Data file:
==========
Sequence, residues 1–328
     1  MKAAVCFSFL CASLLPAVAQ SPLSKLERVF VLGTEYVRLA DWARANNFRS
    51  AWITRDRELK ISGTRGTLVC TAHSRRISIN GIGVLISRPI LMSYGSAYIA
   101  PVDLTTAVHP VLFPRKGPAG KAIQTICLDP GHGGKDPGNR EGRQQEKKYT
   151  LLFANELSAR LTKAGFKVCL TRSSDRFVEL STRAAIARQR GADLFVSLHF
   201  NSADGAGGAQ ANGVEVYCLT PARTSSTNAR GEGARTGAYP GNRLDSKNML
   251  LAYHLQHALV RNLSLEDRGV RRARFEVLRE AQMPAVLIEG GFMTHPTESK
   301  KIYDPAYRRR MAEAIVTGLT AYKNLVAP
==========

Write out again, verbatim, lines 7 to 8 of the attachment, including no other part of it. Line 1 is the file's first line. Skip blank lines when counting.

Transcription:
   251  LAYHLQHALV RNLSLEDRGV RRARFEVLRE AQMPAVLIEG GFMTHPTESK
   301  KIYDPAYRRR MAEAIVTGLT AYKNLVAP